It’s Spin-off Sunday on unpopcult; now Jed’s covered Brother of The Blacklist, it’s time to tackle No, Not The Good Wife Even If It Features Most of Its Cast, which is currently calling itself The Good Fight and has a completely ridiculous opening credits sequence involving, amongst other things, an exploding handbag.
Since The Good Wife had no real opening credits at all, this is, I suppose an immediate (if unnecessary) statement of intent that this is Definitely Not The Good Wife, We Promise, and that’s borne out by the rest of the episode, which is resolutely downbeat and has – *clutches pearls* – swearwords in it. Heavens!
Like most pilots, there’s a lot to set up, but unlike most pilots, there are also a lot of characters and back story we already know. The magnificent Diane Lockhart is the focus: we start with her incredulous reaction to the Trump inauguration (so say we all, Diane), before moving on to her decision to retire from Lockhart, Lee and Several Trillion Other Named Partners to a gorgeous villa in sunny France; her case against old employee Lucca’s new firm (with Diane on the decidedly non-Diane side of it); and then sudden disaster in the form of the loss of her savings, her friends, her job and her reputation as a result of a million-dollar Ponzi scheme run by the parents of goddaughter and new associate Maia.
It’s a decent, if unspectacular start. There’s a sliver of the usual Good Wife wit with David Lee’s usual snark, and the irony of liberal legend Diane as a “diversity hire” at an African-American firm – if this is a sign the showrunners are tackling TGW’s previous lack of diversity amongst its cast, all to the good. And there’s a lot of the usual Good Wife topicality and interest in various types of legal proceedings: the Madoff references, the police brutality case, the metadata, the deposition etc. But it all seems quieter, gloomier and much less glossily-shot than its predecessor; for all The Good Wife could be dark and cynical and often heartbreaking, it had an energy and life and colour about it that The Good Fight doesn’t, not yet anyway. The sets seem smaller and more subdued. Diane and Lucca seem tired and sad, and angry, if justifiably so. And Maia seems nothing much at all – an entirely passive presence who is propped up entirely, both in terms of characterisation and plot, by the stronger women around her. I understand there’s supposed to be a parallel with Alicia starting over as an associate at the height of the Florrick scandal, but even while Alicia was down, she was never completely out; she had the personality, determination and ruthlessness to grasp opportunity and make a success of it herself, whether the world wanted her to or not. Maia, by contracts, has no gumption, no life, no oomph about her. Instead, she’s reliant entirely on everyone else – Lucca, Diane, her parents, her girlfriend – to step in and sort the world out for her.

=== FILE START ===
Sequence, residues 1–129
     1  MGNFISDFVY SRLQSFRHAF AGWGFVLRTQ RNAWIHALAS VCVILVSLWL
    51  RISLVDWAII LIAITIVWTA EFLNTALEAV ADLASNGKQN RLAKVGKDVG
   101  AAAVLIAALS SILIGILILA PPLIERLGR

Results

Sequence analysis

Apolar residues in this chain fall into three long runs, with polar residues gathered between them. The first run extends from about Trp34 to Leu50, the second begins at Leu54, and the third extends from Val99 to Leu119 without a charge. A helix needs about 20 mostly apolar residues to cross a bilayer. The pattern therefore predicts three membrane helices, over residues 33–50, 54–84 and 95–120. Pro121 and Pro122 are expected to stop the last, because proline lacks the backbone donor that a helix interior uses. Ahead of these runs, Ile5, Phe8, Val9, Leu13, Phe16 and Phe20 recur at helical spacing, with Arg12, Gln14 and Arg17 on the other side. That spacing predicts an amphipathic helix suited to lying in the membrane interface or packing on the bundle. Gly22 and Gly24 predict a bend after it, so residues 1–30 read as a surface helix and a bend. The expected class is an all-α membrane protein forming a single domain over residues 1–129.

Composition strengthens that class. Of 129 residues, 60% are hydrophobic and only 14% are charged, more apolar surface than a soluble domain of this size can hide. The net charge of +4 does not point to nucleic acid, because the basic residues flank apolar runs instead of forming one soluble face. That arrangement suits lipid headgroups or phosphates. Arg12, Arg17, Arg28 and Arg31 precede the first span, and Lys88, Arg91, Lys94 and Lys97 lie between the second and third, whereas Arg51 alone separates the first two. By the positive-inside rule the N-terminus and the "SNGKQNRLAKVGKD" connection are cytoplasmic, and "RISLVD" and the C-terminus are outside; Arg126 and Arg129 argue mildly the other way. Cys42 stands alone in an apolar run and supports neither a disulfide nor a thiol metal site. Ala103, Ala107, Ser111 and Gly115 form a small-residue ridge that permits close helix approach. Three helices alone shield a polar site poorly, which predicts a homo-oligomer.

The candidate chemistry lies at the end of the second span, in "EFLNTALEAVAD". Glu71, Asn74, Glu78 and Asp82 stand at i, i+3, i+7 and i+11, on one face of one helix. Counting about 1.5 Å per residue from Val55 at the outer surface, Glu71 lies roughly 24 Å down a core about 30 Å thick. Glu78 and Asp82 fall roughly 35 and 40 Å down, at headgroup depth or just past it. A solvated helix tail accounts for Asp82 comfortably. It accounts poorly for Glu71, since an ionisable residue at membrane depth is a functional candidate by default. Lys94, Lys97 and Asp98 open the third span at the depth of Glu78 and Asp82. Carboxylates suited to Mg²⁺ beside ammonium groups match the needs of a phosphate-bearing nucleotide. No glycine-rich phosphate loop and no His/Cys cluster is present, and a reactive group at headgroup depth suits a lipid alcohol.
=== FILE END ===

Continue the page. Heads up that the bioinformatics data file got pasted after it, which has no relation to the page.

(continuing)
It’s only episode one, though, and if Maia is not Alicia and The Good Fight is not The Good Wife, then neither was The Good Wife in the beginning. (Or at the end.) Throughout the episode, though, the memories and ghosts are almost overwhelming: photographs with Will in happier times (sob!), Diane’s estrangement from husband Kurt as a result of what she found out at the end of season 7 (albeit I didn’t believe it at the time – sob again!), the unanswered question as to what has become of Alicia (all we know is she’s definitely not working with Lucca) and the ongoing theme of women bearing the brunt of male misdeeds – like Alicia and countless women before them, Diane and Maia are collateral damage, their lives and reputations devastated by scandals they had no role in, and, again like Alicia and countless women before them, they have to harden themselves, keep their heads down and keep working till it passes, because work is their friend even when nobody else is.
Time will tell if those memories and ghosts will help or hinder the show in developing an identity of its own, and whether Not The Good Wife can come out of the shadow of its predecessor and become something special in its own right. The jury’s still out for now: I liked this well enough, but mainly because it featured Diane Lockhart, David Lee and Kurt McVeigh – Christine Baranski, Zach Grenier and Gary Cole are all, of course, terrific – rather than because of anything that actually happened in it. As I said, it’s early days, though. I want to love The Good Fight, so for now, I’ll keep watching and reviewing, and hoping I eventually do.